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Epilogue and Engagement Questions

The struggle for all women to gain the right to vote in the United States did not end in 1920. The Constitution had been amended. Voting was legal, but not all women felt free to vote. Some were held back by lingering patriarchal control. For many African American women, voter suppression in the form of Jim Crow laws, fraudulent tactics, and terroristic intimidation disenfranchised them until after the passage of the Voting Rights Act of 1965. Native American women (and men) were legally barred from voting in many states until the 1940s or later. The last state to allow Native American voting was New Mexico, in 1962.

It took many decades for new attitudes to change the law, and it took additional decades for the new law to change attitudes and our country's unjust voting system.


Engagement questions for discussion

1) Discussing Suffrage 1848-1876. What is the difference between biography and autobiography? What are the pluses and minuses of each of these approaches to writing? Is one form potentially less biased than another? Is one form potentially more insightful?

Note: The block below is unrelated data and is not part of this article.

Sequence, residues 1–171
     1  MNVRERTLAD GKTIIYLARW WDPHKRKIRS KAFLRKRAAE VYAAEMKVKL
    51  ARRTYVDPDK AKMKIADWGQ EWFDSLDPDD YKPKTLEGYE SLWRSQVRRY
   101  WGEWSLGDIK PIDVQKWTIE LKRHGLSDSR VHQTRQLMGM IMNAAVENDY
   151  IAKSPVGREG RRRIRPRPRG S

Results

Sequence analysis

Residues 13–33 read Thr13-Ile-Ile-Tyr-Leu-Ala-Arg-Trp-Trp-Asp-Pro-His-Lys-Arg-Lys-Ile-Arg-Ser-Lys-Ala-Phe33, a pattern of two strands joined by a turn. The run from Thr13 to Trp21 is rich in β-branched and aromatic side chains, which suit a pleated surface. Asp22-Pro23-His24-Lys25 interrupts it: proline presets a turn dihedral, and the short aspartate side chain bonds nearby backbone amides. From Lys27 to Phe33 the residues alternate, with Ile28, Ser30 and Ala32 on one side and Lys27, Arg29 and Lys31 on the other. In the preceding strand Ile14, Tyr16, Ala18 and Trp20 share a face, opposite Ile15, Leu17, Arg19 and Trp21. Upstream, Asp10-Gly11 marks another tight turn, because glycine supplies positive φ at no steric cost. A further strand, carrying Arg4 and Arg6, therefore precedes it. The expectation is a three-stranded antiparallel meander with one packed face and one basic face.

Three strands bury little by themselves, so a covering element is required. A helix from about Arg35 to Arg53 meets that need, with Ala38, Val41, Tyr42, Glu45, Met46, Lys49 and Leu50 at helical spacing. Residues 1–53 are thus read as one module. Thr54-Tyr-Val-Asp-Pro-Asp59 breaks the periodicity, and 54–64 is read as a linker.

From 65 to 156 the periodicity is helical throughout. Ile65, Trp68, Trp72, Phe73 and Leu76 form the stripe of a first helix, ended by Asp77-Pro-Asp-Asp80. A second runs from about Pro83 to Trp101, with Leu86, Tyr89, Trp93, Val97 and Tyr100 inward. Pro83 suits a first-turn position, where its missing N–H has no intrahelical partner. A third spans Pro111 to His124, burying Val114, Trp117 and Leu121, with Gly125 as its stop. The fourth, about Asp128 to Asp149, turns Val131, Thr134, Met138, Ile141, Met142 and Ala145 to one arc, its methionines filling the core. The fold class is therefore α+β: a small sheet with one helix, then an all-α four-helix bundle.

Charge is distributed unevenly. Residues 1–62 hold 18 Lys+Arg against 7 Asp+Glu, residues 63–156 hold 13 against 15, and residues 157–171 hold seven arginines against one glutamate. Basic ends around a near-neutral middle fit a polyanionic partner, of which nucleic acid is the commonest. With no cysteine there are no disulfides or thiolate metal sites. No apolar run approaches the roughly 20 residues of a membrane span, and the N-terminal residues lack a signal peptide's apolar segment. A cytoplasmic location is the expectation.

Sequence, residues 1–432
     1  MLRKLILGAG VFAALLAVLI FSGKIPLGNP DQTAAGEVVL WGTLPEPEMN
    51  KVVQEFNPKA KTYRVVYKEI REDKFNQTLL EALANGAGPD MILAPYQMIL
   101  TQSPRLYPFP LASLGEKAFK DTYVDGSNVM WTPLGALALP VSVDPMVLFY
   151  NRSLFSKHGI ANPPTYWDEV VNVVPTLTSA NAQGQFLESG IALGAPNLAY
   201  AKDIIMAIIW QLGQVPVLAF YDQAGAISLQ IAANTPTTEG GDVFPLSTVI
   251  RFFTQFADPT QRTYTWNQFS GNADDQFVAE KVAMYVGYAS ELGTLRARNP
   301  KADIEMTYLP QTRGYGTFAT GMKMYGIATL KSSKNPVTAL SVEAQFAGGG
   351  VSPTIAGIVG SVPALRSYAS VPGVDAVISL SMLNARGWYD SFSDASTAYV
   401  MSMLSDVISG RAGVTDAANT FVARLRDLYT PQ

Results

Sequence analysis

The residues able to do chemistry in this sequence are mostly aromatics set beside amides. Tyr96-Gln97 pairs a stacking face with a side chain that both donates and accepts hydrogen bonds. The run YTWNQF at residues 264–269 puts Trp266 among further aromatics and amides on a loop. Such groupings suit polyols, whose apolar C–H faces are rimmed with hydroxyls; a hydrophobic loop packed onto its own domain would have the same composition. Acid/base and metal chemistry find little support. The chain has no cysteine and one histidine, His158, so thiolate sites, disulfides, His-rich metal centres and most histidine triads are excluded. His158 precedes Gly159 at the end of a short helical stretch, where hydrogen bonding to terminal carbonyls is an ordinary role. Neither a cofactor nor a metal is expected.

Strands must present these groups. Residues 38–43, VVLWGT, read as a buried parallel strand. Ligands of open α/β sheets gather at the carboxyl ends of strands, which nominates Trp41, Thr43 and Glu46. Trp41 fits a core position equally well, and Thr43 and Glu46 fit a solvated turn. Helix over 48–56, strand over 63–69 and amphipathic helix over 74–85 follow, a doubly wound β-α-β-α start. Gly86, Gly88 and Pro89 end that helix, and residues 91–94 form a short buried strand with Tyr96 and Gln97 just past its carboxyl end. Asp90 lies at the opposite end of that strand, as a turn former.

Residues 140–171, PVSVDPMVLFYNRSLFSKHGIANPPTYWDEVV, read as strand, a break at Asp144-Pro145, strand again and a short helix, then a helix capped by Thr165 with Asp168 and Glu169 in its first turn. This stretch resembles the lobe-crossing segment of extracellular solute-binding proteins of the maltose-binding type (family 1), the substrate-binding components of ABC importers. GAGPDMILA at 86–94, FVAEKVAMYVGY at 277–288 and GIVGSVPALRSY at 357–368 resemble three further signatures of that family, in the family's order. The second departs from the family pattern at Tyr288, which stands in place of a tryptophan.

2) 1851: Enfranchisement of Women. What other nations considered the question of women’s voting rights before the United States did? Where could women legally vote before August of 1920?

3) 1867: Equal Rights for Women. Words are important. They can be used to include, or to exclude, or to make certain people disappear, as if they don’t exist. How do your word choices convey to others that they matter to you? How might they convey the opposite feeling? Is the use of inclusive language just an intellectual exercise, or does it help re-shape us as individuals and as a society? Are there any hurtful words or phrases that you need to work on removing from your vocabulary?

4) 1869: Two Anti-woman suffrage publications.

  1. Does Linus P. Brockett’s quotation apply only to female voters, or could the same be said for male voters, as well? What can we do to prevent becoming “the dupes and prey of selfish and unprincipled politicians” today?
  2. Horace Bushnell predicted that giving women the right to vote would undermine family life as he knew and valued it. Is there only one correct way to be a family, or are there multiple positive models of family life? Is your understanding of family different from that of previous generations of your own family? Is it different from that of your neighbors?

5) 1880s: Ten Reasons Why Women Should Vote. What were Maria Goodell Frost’s points in favor of the enfranchisement of women? What reasons would you add to her list? Are there any reasons that you would subtract?